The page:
Hello, again. I am now back from my two-week vacation Stateside and will resume posting normally. I apologise that I've been completely absent during my vacation, but I seem to have forgotten just how busy and hectic a trip to my hometown is (I think this is largely due to the blessing of having 80% of my extended family very close by).
It was a really great couple of weeks, even if it wasn't the kind of vacation where I got to lay around and read the whole (or any of the) time. I am in the process of going through my photos and will fill you in on my trip tomorrow.
In the meantime, I'd like to leave you with an article from The New York Times on the reverse culture shock experienced by Sarah Lyall, author of The Anglo Files: A Field Guide to the British, who returned to the US after living in London for 18 years. While I have only lived in Britain for five years, and so have not experienced the changes in American and British culture over the same extended period of time, I recognise the changes that Lyall mentions and empathise with her.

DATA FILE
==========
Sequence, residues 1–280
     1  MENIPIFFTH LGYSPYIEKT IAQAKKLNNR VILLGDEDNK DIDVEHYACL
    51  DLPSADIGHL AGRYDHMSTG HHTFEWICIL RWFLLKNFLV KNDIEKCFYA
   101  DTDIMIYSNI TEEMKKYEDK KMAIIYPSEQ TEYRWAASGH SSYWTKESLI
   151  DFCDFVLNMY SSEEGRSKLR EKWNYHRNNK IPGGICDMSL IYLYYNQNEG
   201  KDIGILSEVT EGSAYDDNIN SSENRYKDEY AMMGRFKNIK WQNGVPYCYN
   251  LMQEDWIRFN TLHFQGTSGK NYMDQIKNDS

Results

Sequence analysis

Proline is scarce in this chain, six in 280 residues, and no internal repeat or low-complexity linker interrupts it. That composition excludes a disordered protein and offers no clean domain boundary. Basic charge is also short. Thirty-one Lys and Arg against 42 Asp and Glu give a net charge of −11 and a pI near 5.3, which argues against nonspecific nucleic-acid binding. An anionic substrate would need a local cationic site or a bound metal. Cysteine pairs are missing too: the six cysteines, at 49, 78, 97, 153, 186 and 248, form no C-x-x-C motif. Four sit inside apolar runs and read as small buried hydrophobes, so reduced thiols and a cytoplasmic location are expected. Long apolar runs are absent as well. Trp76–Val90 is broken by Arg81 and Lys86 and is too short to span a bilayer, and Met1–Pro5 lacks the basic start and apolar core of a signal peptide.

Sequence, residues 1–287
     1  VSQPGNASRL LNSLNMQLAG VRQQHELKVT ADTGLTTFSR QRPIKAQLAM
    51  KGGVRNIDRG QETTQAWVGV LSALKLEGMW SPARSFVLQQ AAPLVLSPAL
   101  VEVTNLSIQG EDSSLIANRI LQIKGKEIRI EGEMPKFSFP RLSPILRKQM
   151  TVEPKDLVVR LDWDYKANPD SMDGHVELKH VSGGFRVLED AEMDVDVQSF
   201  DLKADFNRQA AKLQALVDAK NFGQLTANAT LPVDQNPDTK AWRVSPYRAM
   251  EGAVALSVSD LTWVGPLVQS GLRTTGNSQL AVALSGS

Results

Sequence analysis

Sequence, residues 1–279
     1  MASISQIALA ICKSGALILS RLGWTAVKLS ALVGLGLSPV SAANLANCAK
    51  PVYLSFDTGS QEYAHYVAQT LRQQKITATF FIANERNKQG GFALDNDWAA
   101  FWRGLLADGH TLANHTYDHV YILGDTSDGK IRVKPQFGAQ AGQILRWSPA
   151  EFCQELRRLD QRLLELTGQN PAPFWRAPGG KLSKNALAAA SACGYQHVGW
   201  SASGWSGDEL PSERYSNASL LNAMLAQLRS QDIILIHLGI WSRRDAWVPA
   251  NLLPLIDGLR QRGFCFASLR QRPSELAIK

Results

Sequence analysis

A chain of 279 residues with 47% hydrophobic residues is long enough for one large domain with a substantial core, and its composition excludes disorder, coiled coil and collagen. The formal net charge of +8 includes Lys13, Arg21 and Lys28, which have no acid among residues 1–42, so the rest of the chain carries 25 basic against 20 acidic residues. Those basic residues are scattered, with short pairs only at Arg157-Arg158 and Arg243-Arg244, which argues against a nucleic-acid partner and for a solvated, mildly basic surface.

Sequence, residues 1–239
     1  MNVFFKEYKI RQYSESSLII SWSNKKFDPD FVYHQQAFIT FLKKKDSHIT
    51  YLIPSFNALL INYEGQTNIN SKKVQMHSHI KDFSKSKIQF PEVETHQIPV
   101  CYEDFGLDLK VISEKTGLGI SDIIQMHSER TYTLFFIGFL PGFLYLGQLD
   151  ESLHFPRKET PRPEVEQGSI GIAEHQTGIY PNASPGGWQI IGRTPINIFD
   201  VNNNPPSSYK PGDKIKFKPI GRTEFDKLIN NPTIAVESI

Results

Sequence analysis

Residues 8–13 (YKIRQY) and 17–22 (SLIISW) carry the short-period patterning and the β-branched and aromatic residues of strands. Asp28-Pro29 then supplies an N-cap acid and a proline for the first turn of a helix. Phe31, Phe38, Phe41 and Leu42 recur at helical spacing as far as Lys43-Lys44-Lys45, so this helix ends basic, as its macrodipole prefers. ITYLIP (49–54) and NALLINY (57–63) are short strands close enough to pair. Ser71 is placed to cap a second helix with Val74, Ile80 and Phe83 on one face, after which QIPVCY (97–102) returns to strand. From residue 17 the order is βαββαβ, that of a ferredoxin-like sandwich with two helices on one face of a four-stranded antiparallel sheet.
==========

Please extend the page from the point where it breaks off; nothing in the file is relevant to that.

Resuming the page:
(Click on the link above to read the article)
"Britons are not automatically impressed by what I always thought
were attractive American qualities — straightforwardness, openness, can-doism,
for starters — and they suspect that our surface friendly optimism
might possibly be fake. (I suspect that sometimes they might possibly be right.)"
"The pursuit of happiness may be too garish a goal, it turns out,
in the land of the pursuit of not-miserableness. After enough Britons respond
with “I can’t complain” when you ask them how they are, you begin to feel nostalgic
about all those psyched Americans you left behind."